This paper concludes with suggestions as follows: Firstly, the Korea Fair Trade Commission (KFTC) will use its guidelines as a primary framework to enforce the Monopoly Regulation and Fair Trade Act (MRFTA) by the KFTC officials even though it has no legislative basis; therefore, it is very important to carefully review its contents. Secondly, in order to regulate non-disclosure of relevant patent technology under the MRFTA, the IPR Guidelines needs to specifically provide that both the intent and effect of the non-disclosure on the standard setting process are required. Thirdly, provisions on imposing unreasonable or discriminatory royalties should be improved to take necessary considerations into account, provide specific factors or standards under the special circumstances where the patented technology is included in a standard. Fourthly, whether procedures for the disclosure of patent information and the ex ante negotiation for licensing terms have been complied with, which are provided as important factors to be considered in judging illegality, does not bear causation or close relationship with the violation of the MRFTA and failure to comply with such procedures should not be considered more seriously than other factors. Lastly, the standard for determining whether an FRAND-encumbered SEP holder’s filing for injunctive relief may be anti-competitive can be considered acceptable compared with the recent practical developments in other jurisdictions.
4. Koren W. Wong-Ervin, Douglas H. Ginsburg, Bruce H. Kobayashi, and Joshua D. Wright have posted a paper titled FRAND in India on ssrn. Here is a link to the paper, and here is the abstract:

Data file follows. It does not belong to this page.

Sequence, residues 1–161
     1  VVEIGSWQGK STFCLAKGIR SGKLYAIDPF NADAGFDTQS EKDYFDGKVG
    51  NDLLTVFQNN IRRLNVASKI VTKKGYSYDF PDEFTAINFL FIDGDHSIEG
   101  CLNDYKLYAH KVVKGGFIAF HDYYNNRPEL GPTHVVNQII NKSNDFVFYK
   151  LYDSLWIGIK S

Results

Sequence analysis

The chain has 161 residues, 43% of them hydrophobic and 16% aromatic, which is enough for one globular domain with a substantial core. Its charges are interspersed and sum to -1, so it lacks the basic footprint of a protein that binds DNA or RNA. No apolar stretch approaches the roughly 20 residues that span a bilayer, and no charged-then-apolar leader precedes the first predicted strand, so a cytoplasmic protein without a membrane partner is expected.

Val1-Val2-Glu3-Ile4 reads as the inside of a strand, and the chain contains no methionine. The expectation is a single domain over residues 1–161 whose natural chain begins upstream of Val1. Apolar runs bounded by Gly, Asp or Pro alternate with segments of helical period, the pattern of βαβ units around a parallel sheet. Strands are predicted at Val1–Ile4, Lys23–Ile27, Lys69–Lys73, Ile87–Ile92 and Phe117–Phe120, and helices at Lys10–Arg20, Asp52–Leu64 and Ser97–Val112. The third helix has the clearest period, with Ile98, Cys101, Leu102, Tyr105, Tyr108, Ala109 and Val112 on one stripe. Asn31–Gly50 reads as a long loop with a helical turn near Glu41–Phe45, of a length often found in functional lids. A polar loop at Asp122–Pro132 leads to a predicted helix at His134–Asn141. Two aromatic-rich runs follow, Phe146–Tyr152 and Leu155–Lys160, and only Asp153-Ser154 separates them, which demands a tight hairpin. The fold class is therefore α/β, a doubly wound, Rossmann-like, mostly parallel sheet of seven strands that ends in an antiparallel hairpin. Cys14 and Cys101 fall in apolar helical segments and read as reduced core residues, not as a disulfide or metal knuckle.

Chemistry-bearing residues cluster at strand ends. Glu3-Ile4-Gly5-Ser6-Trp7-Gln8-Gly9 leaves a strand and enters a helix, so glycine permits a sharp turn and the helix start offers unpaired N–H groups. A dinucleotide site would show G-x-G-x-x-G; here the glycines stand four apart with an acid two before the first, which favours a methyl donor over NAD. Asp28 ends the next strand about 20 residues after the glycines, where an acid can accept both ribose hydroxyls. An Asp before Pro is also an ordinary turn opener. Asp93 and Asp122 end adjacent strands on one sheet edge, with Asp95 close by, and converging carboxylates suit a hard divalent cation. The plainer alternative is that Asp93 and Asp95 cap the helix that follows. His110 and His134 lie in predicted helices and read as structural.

In the last several years, India has raised several novel and controversial concerns regarding standard-essential patents (SEPs). For example, in 2013 and 2014, the Competition Commission of India (CCI) issued investigation orders against Ericsson, alleging that the company violated its commitments to license on fair, reasonable, and nondiscriminatory (FRAND) terms by imposing discriminatory and “excessive” royalty rates and using Non-Disclosure Agreements (NDAs). In its investigation orders, the CCI stated that “forcing a party to execute [an] NDA” and “imposing excessive and unfair royalty rates” constitutes “prima facie” abuse of dominance and violation of section 4 of the Indian Competition Act, as does “[i]mposing a jurisdiction clause debarring [the licensee] from getting disputes adjudicated in the country where both parties were in business.” Most recently, India’s Department of Industrial Policy and Promotion (DIPP) issued a Discussion Paper on SEPs, which, among other things, expresses concerns about holdup by patent holders while omitting any concerns about holdup and holdout by implementers.
This article analyzes these developments, providing guidance based upon the approach taken by the United States and the Europe Commission. We offer policy recommendations concerning the availability of injunctive relief; the advisability of a one-size-fits all template for standard-development or standard-setting organizations (SDOs or SSOs); the imposition of royalty caps or competition sanctions for “excessive pricing”: the use of NDAs and the “Non Discriminatory” element of FRAND; balancing desires for transparency with needs for confidentiality in licensing; and the use of international arbitration on a portfolio basis as likely the most efficient and realistic means of resolving FRAND disputes.
Update (Friday, Sept. 16): I see from Professor Danny Sokol's Antitrust & Competition Policy Blog this morning that the Geradin paper noted above is one of several that are published in CPI Antitrust Chronicle's September 2016 issue, titled "Patents and Standards Settings," which you can access from Professor Sokol's blog. It looks like most though not all of the contributors are people I would associate with the higher-protection side of the debate, but whether you find that position persuasive or not (I generally don't, subject to some qualifications) these papers definitely should be worth reading.